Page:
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The Un-masking of South Africa’s Education System

This story is sponsored

This Mail & Guardian webinar was sponsored by Amnesty International South Africa. It featured as speakers Iain Byrne, Researcher and Advisor, Amnesty International; Professor Ann Skelton, Advocate at the Centre for Child Law and member of the UN Committee on the Rights of the Child; Amanda Edwards, Education Researcher and Performance Analyst for the Public School Partnerships Programme; and Shenilla Mohamed, Executive Director of Amnesty International South Africa.

The flaws in South Africa’s education system are systemic and profound and have been well documented by organisations such as Amnesty International for years. But the gap between schools with access to computers and the internet and those without has widened since the Covid-19 pandemic took hold. Millions of children are at risk of dropping out of the system altogether. This may be the time to address the gaps in the education system, find out what has worked since the pandemic began, and apply the lessons learned.

Iain Byrne, Researcher and Advisor for Amnesty International

The webinar was introduced by Shenilla Mohamed, who introduced the panelists Ann Skelton, Iain Byrne and Amanda Edwards. Byrne spoke about the report that Amnesty International launched on Monday 15 February. He asked how South African schools can guarantee safety for children during the pandemic when classrooms are over-crowded and many schools don’t have running water. He did, however, acknowledge that the government faces many challenges. The risks of deepening inequality will have repercussions for generations to come. About 600 000 children at primary school were unable to study and have effectively dropped out, while more than 1 700 teachers have died from Covid-19.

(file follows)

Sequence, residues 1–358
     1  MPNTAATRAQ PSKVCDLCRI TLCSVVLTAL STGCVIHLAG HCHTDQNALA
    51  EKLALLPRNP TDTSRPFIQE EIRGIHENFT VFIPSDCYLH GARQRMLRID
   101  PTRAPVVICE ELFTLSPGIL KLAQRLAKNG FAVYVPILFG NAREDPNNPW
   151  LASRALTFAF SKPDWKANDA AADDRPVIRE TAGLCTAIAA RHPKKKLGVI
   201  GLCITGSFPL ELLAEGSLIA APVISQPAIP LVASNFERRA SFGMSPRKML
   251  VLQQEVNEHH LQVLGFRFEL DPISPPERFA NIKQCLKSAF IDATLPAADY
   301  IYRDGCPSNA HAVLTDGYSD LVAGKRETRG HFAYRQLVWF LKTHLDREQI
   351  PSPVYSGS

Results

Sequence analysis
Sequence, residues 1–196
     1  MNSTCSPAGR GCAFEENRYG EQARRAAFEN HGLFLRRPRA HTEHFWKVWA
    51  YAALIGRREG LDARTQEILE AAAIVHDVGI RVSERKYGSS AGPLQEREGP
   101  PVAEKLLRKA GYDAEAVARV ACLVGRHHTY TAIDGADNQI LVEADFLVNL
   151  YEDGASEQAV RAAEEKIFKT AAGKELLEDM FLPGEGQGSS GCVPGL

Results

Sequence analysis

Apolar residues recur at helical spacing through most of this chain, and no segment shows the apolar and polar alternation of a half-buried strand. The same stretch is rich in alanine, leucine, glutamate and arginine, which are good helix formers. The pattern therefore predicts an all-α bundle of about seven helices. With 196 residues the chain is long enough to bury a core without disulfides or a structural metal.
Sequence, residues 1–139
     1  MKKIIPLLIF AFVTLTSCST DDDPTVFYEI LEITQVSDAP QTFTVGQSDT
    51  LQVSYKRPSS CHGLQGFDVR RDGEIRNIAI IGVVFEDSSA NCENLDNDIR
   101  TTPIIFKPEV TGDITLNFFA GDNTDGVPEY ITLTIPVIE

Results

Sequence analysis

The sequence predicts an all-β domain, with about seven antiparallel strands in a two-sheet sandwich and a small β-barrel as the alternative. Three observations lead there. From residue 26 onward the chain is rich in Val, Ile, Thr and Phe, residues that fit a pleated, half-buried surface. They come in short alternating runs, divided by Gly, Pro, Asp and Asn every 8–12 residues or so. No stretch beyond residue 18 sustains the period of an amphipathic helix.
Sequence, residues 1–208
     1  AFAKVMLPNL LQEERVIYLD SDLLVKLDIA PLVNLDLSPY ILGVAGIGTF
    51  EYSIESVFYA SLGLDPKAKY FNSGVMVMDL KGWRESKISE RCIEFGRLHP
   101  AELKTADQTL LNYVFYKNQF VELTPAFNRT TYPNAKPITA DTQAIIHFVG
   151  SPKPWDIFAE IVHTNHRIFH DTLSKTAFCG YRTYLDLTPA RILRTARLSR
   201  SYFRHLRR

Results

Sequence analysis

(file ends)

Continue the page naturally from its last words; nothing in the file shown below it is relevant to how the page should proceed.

The government has made some advances in getting children online, but only 10% of South Africa’s children have access to the internet, and just 20% have a computer at home. “There is a sort of ‘double-whammy’ for many kids who have missed a year of school,” said Byrne, “and now that they are returning, the schools are not geared up to properly protect them, with adequate PPE or sanitation, in addition to lack of basic infrastructure. These problems have been well documented by several NGOs, but are the funds meant for schools being diverted to propping up SAA? Pit toilets are illegal, and many promises have been made to eradicate them, but they are still there, although they are illegal.” Buildings are falling apart, and this is documented in the Amnesty report. A survey conducted by teacher unions revealed that many principles don’t feel safe about reopening. Mohamed said the report is available on the Amnesty website.  

Skelton said the report shows more of the “old normal”, but with added risk: not being able to wash your hands can now have fatal consequences, for instance. Existing inequalities are being exacerbated. Perhaps this is a moment for activists to take action, but one cannot, for instance, expect nobody to return to school until all schools have decent sanitation. However, there are good grounds for demanding better sanitation, and this may be the moment to address the problem of overcrowded classrooms. “SAA is not a priority right now — fixing poor schools is,” said Skelton. “With more than 72% of schools having no internet, to not act now could be a huge missed opportunity, a failure of imagination. We have to build on this opportunity, because the time to act is now.”